The church at Chelmsford was formed in 1802, and a short history published in 2002 gives a lot of interesting information. Its first building was in Duke Street, near the station, opened in 1803. The present building, in New London Road, was opened in 1848, and is Grade II listed. Between 1802 and 1980, 16 different pastors served the church. After a 25 year gap, Dr David Cassels became the pastor in 2005.
I was first taken to the chapel as an infant in 1938. There exists an early picture of me in the chapel porch on the occasion of the wedding in 1939 of Leslie and Daisy Ransome. Daisy is the only person from those days who is still a member there, though she has moved from the area. In the picture, I am on Nanna’s lap – she was my guardian from June 1938 for about 10 years, following my mother’s death.
Half-way up the wall, to the right (as you look at it) and level with the pulpit desk is a black metal grill; a rather small amount of heat used to emanate from this in the winter, from a coke fire lit in the vestry behind. I was still fairly young when this was replaced by two Tortoise stoves (motto “Slow but sure”) in the chapel itself. A caretaker was employed to get up very early on Sunday mornings to light these coke-burning stoves. There is a gallery at the back, although I have seen it used only a very few times for “great occasions”.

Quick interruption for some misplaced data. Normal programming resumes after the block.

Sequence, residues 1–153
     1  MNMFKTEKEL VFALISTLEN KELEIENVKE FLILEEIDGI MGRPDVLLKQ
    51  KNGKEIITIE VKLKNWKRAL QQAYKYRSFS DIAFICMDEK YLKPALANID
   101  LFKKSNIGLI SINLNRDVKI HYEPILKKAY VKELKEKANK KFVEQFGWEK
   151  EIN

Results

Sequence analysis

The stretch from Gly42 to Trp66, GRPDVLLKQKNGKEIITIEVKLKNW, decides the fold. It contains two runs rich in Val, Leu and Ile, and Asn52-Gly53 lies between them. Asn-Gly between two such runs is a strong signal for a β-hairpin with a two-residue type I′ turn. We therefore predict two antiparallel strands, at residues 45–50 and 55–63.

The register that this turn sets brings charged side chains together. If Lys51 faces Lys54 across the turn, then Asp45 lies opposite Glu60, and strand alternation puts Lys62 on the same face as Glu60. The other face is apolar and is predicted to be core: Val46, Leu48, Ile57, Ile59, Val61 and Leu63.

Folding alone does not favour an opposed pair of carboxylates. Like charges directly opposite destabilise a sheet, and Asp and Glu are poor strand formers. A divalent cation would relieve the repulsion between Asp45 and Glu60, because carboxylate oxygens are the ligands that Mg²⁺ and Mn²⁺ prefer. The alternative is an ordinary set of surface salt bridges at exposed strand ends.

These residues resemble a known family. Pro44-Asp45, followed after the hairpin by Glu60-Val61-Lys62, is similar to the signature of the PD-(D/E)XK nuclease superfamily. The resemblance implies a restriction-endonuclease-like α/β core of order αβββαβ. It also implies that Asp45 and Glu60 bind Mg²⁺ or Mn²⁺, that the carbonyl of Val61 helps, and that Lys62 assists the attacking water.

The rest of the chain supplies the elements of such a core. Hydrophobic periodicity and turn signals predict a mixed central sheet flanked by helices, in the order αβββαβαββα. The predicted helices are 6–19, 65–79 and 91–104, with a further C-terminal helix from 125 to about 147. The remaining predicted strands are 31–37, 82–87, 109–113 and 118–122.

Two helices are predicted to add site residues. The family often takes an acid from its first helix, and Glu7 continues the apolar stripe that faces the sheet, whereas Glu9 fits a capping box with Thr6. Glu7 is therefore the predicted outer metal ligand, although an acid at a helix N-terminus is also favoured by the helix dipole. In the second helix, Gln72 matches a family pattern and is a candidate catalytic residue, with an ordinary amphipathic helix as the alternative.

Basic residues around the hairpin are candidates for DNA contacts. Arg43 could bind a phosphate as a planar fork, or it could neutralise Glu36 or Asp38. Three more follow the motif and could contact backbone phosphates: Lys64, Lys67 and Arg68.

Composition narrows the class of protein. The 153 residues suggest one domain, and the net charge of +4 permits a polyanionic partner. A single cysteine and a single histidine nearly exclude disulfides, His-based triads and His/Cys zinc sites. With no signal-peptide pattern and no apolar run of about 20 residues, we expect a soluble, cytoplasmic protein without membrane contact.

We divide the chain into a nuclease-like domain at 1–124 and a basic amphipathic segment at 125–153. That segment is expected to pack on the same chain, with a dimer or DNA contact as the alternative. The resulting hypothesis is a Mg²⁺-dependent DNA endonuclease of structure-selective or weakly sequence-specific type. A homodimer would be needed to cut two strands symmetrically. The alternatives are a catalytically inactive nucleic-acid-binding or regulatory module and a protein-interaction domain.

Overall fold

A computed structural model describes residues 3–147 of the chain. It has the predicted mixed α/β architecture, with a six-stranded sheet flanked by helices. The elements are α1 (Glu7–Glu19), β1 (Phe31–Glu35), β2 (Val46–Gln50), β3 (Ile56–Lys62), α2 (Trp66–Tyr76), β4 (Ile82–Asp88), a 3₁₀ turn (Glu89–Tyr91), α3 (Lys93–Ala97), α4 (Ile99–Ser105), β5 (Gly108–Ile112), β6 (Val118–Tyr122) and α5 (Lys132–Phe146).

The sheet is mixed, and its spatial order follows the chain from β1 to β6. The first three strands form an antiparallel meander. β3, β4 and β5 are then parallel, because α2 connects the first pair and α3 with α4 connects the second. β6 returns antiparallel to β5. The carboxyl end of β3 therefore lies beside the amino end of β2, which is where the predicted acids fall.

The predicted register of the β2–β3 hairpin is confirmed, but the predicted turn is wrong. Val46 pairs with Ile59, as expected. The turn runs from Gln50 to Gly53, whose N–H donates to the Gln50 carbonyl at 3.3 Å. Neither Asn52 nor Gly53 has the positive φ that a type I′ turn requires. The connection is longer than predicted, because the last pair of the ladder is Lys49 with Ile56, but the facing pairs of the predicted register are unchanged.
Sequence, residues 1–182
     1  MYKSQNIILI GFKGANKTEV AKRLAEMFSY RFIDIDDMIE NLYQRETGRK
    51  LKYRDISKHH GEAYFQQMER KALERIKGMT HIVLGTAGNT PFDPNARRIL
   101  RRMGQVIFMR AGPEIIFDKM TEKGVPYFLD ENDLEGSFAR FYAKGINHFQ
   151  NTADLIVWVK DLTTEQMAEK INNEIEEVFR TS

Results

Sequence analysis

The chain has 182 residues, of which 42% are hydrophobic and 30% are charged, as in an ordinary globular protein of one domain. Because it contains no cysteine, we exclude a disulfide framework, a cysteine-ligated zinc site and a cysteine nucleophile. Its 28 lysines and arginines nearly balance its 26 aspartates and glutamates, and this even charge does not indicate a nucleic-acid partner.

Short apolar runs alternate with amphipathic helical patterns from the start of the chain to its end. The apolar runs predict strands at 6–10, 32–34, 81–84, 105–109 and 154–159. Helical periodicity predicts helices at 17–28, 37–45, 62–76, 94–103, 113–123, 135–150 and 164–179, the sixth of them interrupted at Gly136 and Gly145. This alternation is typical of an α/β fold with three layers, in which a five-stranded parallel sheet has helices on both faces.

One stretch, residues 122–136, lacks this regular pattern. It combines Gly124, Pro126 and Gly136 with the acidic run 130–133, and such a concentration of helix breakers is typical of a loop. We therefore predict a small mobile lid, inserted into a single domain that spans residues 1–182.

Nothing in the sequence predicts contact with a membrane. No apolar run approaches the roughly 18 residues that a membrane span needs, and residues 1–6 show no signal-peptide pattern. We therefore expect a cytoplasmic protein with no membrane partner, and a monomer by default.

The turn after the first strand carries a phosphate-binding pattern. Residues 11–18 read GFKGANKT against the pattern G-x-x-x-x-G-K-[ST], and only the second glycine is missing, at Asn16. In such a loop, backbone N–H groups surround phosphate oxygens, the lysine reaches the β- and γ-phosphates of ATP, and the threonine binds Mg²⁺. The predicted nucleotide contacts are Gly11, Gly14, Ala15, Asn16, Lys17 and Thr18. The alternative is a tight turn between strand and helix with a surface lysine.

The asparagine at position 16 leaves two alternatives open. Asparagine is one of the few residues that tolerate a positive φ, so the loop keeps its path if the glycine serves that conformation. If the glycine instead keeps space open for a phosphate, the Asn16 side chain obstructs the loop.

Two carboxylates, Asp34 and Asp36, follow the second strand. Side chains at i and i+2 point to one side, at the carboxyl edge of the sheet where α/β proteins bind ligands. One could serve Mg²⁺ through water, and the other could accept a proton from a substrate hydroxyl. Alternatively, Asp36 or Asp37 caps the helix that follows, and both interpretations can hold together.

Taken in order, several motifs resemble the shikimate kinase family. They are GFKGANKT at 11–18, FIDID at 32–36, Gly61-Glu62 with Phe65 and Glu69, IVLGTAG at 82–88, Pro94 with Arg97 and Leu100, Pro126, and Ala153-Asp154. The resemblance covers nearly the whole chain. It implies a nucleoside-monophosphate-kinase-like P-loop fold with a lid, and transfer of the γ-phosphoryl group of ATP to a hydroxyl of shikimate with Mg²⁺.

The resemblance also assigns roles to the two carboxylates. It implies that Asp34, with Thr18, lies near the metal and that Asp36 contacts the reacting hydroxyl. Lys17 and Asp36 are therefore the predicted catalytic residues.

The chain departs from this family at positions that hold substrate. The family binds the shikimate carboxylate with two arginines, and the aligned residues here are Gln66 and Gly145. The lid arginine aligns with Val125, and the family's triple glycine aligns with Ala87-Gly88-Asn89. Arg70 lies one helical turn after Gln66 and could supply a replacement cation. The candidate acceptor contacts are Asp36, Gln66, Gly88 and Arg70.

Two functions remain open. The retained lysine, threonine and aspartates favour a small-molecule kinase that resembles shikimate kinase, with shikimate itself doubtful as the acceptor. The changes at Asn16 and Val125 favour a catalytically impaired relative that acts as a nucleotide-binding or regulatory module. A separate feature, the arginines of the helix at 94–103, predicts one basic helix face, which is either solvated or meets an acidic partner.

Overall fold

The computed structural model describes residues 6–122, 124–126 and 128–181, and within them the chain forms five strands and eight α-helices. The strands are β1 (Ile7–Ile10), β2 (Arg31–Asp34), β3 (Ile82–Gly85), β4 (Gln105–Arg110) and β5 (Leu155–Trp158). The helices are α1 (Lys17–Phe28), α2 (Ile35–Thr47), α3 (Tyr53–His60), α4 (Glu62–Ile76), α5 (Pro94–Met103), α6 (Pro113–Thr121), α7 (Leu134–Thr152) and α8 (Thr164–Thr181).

Most of what I have described remains the same today, although the organ has helpfully been moved to one side, and a couple of pews have been removed from the back, providing space for the disabled, and easier access between the two sides of the chapel. A modern heating system has been installed, and major improvements have been made to the vestries, toilets and the Sunday School hall.